Britain’s European Ties That Bind
Despite the impression given by early accounts of the Brexit negotiations, the interests of the UK and the EU are closely aligned in vital areas, particularly security and foreign policy. Finding a way forward on these topics might be the key to creating the cooperative frameworks needed to address more contentious issues.
MADRID – Since the official start of Brexit negotiations last month, attention has been focused largely on the most contentious issues: how much the United Kingdom owes to the European Union, whether the UK will remain subject to the jurisdiction of the European Court of Justice (ECJ), and what rights British residents of the EU and EU residents of the UK will retain. Given this focus, not to mention the UK’s history of aloofness and even disruption in relation to the EU, it is perhaps unsurprising that EU leaders view the UK as a hostile negotiating partner, lacking any real commitment to cooperation.
In fact, the interests of the UK and the EU are closely aligned, particularly in three vital and interconnected areas: foreign affairs, security strategy, and defense policy. Finding a way forward on these issues, which have so far received little attention, might be the key to creating the cooperative frameworks needed to address the most controversial matters.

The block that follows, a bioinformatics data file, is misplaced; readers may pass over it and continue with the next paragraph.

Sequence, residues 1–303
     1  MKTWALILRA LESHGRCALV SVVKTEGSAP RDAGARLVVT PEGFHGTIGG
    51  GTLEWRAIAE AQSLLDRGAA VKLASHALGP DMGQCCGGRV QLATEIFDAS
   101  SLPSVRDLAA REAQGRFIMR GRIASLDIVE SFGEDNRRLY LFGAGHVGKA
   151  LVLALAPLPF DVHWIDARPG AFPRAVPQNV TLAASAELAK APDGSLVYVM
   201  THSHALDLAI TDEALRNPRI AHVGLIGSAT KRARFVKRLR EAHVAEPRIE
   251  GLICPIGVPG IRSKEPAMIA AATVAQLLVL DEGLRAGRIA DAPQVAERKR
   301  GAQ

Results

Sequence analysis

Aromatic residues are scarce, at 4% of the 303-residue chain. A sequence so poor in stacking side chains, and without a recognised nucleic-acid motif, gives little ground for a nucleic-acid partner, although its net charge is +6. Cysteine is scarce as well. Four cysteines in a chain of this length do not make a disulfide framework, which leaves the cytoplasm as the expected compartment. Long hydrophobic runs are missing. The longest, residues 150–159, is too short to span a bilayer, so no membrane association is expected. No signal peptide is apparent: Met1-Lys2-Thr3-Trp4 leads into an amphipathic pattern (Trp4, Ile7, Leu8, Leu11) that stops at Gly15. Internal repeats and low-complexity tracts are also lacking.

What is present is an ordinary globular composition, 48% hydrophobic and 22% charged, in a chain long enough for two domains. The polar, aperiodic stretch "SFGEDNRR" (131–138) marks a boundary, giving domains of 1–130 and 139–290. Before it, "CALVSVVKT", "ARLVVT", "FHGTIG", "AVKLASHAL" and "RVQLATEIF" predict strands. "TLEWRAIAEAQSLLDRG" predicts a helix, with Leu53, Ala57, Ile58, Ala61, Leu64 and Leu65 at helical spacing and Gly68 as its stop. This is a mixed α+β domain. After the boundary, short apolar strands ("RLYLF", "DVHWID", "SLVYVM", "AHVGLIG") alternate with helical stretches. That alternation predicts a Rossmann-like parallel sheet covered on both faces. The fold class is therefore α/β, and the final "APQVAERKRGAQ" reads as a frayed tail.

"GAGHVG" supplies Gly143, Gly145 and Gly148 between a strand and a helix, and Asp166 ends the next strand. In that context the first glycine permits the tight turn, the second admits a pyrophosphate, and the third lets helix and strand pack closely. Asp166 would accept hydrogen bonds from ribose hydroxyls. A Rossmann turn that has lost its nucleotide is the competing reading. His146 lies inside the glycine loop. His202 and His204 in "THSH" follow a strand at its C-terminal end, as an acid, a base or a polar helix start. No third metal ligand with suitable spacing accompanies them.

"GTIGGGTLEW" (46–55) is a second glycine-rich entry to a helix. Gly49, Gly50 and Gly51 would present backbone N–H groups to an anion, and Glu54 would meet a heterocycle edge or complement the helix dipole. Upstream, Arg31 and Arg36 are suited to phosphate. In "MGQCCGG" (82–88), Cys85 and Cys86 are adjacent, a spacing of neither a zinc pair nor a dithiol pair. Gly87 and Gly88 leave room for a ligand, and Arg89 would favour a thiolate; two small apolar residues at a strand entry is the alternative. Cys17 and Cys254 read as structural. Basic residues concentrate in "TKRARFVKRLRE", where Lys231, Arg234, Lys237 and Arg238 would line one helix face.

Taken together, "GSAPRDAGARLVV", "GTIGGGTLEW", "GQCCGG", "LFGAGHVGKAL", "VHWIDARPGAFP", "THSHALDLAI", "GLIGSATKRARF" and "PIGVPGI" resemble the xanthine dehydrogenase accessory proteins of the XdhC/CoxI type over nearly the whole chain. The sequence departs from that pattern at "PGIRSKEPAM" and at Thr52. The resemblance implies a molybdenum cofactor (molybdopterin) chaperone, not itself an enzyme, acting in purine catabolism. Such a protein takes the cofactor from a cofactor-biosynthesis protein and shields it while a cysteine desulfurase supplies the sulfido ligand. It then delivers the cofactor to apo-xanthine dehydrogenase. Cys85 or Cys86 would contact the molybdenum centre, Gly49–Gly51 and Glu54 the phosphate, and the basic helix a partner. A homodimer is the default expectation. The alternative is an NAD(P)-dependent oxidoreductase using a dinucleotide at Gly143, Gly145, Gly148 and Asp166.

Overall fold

In her letter formally notifying European Council President Donald Tusk of the UK’s intention to withdraw from the EU, British Prime Minister Theresa May identified both economic and security cooperation as the key elements of the “deep and special partnership” that she hopes to agree with the EU. But May should recognize that, while economic and security cooperation are equally important, they are not two sides of the same coin.